Spread rumors about fantastic wealth being discovered in the orc village. Bandits will flock from all over the countryside to pillage Home. You'll kill most of them, of course, but the toll will be high - many villagers will be killed in the attacks. Hopefully almost all of them. With a heavy heart, you will volunteer to seek out the aid of the King in dealing with the bandit menace.

    Now, if you've done your work right, you've made sure to leave survivors. Survivors among the orcs, the bandits, whomever. They have vendettas. They have rage. They have friends. They will come for you. Be in the capital when it happens.

    Your deeds will likely have traveled to the capital by now. (After all, if you're around Level 5, you're already well above average.) The King will grant you audience, and you'll humbly plea on behalf of Home. Maybe he'll offer aid, maybe he won't. The important thing is not what happens in the meeting, but what happens after.

    Be sure the attack happens someplace with bystanders. The marketplace, the tavern, maybe even the royal courtyard if you ticked off the right people. Make it a spectacular battle. Win, of course. The King will be both impressed with your prowess and infuriated that such an attack would dare occur in his capital. He'll practically demand you avenge this wrong. Naturally, his will is your command.

    The rest is fairly straightforward stuff. Continue to impress the King with your exploits. Get promoted to General. Take the hand of the Princess. Have her killed and an enemy nation framed for it. Go to war to avenge her death. Become the sole heir. Have the King die, slowly, of a seemingly natural illness. Rise to power. Cover everything under heaven with the sword.

    The people will love you. Or fear you. Or both. Enjoy your new planet.
    http://www.youtube.com/watch?v=a9NIZOvfKpc

    That's just amazing...

    As far as attributes though wouldn't wisdom also make sense? Intelligence shows the knowledge on certain fields, but wisdom covers the ability to implement all this stuff you suggest in such a clever way.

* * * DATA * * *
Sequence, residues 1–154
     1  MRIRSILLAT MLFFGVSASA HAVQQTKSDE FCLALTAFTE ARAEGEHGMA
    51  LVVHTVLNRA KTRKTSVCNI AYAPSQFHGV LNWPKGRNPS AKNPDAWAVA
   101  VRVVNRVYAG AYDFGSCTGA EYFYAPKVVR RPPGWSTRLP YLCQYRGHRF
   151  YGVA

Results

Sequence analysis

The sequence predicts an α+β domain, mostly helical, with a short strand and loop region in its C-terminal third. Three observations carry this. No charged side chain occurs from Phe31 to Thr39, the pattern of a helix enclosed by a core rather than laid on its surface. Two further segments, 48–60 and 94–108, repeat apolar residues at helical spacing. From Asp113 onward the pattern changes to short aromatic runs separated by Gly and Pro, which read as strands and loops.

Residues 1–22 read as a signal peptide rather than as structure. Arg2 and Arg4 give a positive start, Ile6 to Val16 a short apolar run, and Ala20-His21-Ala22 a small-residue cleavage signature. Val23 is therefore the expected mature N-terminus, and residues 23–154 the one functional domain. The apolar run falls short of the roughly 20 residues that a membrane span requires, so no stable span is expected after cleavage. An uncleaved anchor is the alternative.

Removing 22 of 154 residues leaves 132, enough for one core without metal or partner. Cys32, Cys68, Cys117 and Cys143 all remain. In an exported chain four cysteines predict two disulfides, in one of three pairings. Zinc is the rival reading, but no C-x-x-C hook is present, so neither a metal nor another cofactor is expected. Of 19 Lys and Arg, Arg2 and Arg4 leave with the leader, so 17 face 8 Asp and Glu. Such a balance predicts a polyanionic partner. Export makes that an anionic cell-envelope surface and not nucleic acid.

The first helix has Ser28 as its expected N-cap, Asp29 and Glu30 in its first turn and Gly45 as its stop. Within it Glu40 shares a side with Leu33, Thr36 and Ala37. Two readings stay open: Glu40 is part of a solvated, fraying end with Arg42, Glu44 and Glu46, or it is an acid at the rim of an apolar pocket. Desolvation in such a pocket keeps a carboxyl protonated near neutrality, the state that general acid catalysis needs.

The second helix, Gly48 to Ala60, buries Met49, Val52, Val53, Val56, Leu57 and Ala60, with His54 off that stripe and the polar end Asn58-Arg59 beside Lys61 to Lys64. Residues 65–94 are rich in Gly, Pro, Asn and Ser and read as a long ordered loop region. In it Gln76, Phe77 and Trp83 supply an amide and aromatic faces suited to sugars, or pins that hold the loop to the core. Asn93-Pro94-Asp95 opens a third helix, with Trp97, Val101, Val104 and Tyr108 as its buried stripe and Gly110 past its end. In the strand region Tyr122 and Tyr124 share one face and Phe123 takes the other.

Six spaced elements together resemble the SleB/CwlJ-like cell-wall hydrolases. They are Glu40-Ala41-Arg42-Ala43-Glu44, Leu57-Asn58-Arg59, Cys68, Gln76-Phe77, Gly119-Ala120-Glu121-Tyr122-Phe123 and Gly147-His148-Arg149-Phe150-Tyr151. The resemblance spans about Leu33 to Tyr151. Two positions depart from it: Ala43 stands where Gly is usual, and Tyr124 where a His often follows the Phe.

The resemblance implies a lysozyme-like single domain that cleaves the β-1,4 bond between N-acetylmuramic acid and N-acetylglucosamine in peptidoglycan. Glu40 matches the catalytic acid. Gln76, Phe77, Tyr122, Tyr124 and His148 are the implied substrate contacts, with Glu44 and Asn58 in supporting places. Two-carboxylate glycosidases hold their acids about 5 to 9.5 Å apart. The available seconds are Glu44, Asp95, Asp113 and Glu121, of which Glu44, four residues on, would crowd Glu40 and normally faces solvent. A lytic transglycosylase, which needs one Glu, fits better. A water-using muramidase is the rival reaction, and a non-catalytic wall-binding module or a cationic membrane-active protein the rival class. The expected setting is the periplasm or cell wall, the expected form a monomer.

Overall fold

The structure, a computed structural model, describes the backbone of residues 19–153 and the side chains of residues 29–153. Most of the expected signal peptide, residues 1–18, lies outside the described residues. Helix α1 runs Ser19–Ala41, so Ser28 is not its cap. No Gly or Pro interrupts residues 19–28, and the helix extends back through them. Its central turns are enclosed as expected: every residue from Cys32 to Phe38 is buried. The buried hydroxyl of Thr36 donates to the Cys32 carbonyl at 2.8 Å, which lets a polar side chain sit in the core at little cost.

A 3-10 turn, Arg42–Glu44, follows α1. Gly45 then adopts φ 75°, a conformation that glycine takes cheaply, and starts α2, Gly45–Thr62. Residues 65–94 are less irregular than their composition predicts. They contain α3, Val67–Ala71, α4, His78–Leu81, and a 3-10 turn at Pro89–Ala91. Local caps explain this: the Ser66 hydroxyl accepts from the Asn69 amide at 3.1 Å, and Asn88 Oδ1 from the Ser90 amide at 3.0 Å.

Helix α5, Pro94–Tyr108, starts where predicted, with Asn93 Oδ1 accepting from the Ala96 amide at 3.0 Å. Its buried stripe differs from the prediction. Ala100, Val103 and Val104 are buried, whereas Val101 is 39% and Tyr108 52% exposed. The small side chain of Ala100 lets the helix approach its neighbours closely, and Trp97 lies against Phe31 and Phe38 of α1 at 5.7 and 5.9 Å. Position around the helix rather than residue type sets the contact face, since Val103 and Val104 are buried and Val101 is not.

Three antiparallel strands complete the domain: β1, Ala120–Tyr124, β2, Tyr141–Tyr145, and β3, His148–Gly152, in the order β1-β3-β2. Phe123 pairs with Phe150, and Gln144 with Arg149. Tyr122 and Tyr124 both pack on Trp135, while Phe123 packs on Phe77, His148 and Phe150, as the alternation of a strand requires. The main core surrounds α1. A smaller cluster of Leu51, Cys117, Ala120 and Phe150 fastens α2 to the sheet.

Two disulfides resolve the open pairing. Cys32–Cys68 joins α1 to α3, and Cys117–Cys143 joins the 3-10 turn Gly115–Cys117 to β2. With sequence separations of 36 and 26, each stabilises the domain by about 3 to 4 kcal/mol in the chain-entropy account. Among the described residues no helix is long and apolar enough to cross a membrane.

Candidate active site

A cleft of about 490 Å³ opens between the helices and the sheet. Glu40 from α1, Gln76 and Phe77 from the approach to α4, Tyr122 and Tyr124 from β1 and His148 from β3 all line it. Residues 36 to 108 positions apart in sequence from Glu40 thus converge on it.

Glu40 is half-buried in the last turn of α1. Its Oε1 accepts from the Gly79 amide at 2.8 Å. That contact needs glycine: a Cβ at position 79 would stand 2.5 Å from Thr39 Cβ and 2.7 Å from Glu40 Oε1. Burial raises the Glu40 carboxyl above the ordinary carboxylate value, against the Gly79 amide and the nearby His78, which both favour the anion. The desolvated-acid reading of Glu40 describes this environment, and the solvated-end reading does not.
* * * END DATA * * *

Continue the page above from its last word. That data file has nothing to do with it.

How campaigns work though I doubt though I can follow such a guide so closely, but from what I gather the main idea is whatever you do make yourself look great for it. And cause most others to die so it looks amazing that you survived. But have some survivour's in order to both spread the tale and to keep attacking you later. Plus set up situations to frame another person or bend the motivations and actions of someone to cause benefit to you?

    Is that the basic idea or am I missing something?

    Also, what would you suggest if people start to get suspicious? Such as "He seems to be awfully lucky a lot... I wonder if there's more than what he's letting on".

  4. - Top - End - #4
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    Default Re: The same thing we do every night!

    Quote Originally Posted by Gwazi Magnum View Post
    http://www.youtube.com/watch?v=a9NIZOvfKpc

    That's just amazing...

    As far as attributes though wouldn't wisdom also make sense? Intelligence shows the knowledge on certain fields, but wisdom covers the ability to implement all this stuff you suggest in such a clever way.

    How campaigns work though I doubt though I can follow such a guide so closely, but from what I gather the main idea is whatever you do make yourself look great for it. And cause most others to die so it looks amazing that you survived. But have some survivour's in order to both spread the tale and to keep attacking you later. Plus set up situations to frame another person or bend the motivations and actions of someone to cause benefit to you?

    Is that the basic idea or am I missing something?